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8

What was your position ? Q♥6♥ is a hand I would've only played only for a steal (maybe) or in SB (also maybe). It's less than an average hand. The fact also you got 3 callers sounds like you were in a very loose table. I expect at least one out there to have a better Q than yours. CBet was reasonable, but the bet size was plain wrong in my ...


6

Probably but these "thinking procedures" only apply when given a hand to analyse. When you're sitting at a table, you're aware of everyone's stack sizes, positions, previous actions, table image, etc. all the time so the only things that you really look at in each hand are the pot size and the two cards you put players on. Then, depending on who's in the ...


6

It affects strategy in no-limit, and especially pot-limit play. Some simple examples: There's $300 in the pot, and you plan to try a $200 bluff to take it. Well, if one of your opponent's only has $50 left, then you're really only betting $50 at him, and he can call with much less risk. Similarly, if you make a $50 bet on an early round, and your opponent ...


5

You haven't provided enough information. This is entirely dependent on what the action was leading to the all-in, current stack sizes, and the frequency with which your opponent is taking said action. I can tell you, just from experience, that your opponent would either need to be very short stacked, ~13-15BB or less, or jamming all-in with a very wide ...


5

You can only lose the low hand if you get counterfeit (when a low card hits the board that also pairs one of your low cards), so that you don't hold the nut low on the river anymore. If there is a low hand possible, and no A or 2 on the board, you always have the nut low. At worst, you will split the low pot if someone else also has a A2XX hand. With that ...


5

First calculate the probability that no aces are dealt to 6 players (12 cards): Prob of no aces 48/52 * 47/51 * ..... * 37/41 = 0.3376 = 33.8% Therefore the probability of at least one ace being dealt is given by 1 - 0.3376 = 0.6624 = 66.24% The probability of 1 and only 1 Ace being dealt is given by: 12 * 4/52 * 48/51 * 47/50 * ... * 38/41 = 0.4379 = ...


4

I think about my opponents range, my percieved range, previous action in this hand(Is the pot raised/limped preflop? What are their ranges for raise/limp preflop?), pot/stack ration, stack sizes, plan for future streets, timing. In tourneys/SNG you also need to think about other concepts: ICM, phase of tourney(early, bubble, in the money), NASH Would like ...


4

If one is a hold em player, after playing Omaha as a serious student for a time you will notice that with starting hands you will be playing less hands than in Holdem, and if you are playing 8 or better you will be playing even less hands then in Omaha high. Omaha is a drawing game. It is rare for pocket pairs to win straight out at showdown. Big pairs ...


4

I think it's important to not try to bite off too much at once. You're right that you have a lot of options, but focusing on one thing and really attacking that is IMO always going to be more productive than a casual perusal of a variety of topics. You might want to look at some of the online coaching sites like CardRunners, Run It Once, or Tournament Poker ...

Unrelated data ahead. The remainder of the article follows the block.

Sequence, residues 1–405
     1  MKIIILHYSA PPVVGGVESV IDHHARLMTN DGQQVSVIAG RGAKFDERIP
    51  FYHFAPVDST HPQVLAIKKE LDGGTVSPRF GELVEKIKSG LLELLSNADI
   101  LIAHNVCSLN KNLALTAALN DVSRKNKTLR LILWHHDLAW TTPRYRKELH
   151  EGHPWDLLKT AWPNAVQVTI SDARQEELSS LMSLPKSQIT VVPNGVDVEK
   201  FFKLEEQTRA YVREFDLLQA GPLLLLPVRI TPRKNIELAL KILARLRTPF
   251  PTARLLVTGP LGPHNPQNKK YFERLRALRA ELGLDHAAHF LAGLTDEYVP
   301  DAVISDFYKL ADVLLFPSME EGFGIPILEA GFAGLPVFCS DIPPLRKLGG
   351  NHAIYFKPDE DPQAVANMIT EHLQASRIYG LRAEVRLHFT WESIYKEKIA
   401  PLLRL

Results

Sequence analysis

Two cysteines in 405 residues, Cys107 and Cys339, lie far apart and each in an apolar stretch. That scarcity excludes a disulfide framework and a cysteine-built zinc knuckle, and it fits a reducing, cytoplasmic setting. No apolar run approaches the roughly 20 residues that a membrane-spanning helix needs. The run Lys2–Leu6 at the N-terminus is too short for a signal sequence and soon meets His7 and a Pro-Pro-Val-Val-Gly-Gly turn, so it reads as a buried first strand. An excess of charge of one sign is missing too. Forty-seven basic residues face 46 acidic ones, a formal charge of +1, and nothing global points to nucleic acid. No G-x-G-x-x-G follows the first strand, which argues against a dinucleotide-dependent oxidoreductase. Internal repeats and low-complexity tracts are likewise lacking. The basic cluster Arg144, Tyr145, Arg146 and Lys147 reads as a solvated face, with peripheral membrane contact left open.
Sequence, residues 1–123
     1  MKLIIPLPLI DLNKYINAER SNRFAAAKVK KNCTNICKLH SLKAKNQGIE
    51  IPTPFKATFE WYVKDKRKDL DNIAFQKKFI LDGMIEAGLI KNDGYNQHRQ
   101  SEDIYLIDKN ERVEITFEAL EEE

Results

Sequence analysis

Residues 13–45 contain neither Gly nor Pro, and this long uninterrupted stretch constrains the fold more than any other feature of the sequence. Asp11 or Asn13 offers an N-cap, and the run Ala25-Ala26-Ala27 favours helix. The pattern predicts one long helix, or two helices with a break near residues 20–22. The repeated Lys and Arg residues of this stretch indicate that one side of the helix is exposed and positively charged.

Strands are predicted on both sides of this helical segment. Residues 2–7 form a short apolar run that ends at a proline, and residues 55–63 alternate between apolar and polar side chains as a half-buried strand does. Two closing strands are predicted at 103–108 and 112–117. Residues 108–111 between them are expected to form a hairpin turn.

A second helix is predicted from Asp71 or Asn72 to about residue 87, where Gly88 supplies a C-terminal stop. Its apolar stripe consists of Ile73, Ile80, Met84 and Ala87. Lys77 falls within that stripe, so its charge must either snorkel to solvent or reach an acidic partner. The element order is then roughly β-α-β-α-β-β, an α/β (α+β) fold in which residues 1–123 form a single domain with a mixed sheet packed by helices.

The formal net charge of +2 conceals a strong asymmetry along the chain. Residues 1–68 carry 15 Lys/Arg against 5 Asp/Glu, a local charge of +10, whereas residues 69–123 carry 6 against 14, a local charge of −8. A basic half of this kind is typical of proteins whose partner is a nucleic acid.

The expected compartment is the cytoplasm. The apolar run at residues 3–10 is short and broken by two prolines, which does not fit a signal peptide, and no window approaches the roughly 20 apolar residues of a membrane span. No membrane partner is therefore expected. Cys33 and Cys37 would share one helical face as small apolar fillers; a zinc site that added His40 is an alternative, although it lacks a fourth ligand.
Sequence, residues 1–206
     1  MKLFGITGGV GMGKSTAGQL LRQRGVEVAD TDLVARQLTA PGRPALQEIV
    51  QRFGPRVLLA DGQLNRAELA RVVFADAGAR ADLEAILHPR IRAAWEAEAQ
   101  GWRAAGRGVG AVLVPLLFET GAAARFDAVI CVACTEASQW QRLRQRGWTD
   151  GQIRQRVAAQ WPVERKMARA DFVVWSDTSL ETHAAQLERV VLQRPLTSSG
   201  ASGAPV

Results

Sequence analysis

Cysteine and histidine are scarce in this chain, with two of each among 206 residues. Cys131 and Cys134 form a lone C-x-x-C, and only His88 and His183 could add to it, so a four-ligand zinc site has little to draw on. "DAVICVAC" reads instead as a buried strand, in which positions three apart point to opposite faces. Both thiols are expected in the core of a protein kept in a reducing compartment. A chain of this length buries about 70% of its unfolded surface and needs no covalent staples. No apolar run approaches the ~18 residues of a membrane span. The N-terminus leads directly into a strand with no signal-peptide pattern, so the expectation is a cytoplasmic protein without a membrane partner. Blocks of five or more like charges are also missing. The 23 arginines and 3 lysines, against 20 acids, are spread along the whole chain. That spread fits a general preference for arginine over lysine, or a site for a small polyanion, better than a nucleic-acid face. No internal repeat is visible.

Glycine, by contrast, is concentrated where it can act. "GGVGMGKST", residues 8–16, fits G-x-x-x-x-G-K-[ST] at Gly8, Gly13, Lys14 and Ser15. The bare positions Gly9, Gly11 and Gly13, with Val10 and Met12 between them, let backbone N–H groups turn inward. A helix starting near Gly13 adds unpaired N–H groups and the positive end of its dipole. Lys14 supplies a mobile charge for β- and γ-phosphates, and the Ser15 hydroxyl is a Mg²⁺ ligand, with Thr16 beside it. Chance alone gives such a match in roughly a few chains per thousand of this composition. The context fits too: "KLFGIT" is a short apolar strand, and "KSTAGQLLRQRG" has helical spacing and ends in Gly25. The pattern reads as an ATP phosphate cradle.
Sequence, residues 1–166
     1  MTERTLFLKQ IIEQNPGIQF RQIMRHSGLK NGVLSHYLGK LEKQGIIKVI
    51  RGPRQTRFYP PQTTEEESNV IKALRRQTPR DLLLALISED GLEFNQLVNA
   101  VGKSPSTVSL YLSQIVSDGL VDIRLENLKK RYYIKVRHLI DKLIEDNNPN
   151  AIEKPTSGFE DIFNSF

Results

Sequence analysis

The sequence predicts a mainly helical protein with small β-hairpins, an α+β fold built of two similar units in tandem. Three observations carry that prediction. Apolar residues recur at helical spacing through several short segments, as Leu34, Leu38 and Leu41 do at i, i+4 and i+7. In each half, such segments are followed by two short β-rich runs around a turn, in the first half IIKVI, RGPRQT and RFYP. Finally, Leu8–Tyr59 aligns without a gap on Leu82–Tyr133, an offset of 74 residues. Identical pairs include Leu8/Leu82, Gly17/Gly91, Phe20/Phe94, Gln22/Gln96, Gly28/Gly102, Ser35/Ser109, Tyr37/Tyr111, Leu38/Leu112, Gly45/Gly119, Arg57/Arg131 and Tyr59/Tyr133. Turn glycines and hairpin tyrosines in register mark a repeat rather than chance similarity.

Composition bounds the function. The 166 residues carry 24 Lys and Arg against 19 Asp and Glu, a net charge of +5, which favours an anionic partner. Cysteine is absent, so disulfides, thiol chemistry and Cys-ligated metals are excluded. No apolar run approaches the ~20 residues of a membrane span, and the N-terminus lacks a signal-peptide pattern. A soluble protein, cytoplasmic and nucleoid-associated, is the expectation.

4

For the purposes of this answer, Player 1 is the one with the Ax hand. Player 2 is the player with the non-Ace hand. I'm also assuming that Player 2 has a random hand - in other words, sometimes their starting hand will also include an Ace. This is an interesting question. My conclusion is that Player 2, knowing that Player 1 has an Ace, has the advantage, ...


3

There's a bunch of hard-skills (you mentioned some) which you will gain naturally as you play more poker. Specific plays, situations that always play out in certain ways, etc. But there are also a lot of soft skills which it's harder to figure out. (Note, I assume No-limit Texas Holdem below in concrete examples, but this applies to all versions of ...


3

Example: You have A2, villain has A3. Board is: 24567. That gives you a low: A2456 Gives villain low: A2345 Basically, whenever one of your cards pairs, you might be in danger.


3

First off, I think this is a GREAT question! I'm not sure if I have a procedure that I follow, but I definitely have reminders for myself. Little things that I tell myself to re-enforce concepts that I want to exercise. Some of mine include: "You're in early position, play tight, tight, tight!" "You're on the button, let's see if we can steal something ...


3

Definitely yes, its worth it. For example: you play MTTs, in the middle of tournament, and you've got a decent stack of chips (not short stacked). Blinds are going high, and a lot of short stacked players will start going all in. And that's where poker math comes into play. Its the best time to increase your stack by doing some calls, if odds / pot odds are ...


3

What kind of plays could I make to convince my opponents that I have a polarised hand range? You don't make plays to convince your opponents that you have a polarized hand range, you just polarize your hand range. If they fail to pick up on that, you've profited greatly. There are generally three types of ranges: Polarized With a polarized range, your ...


3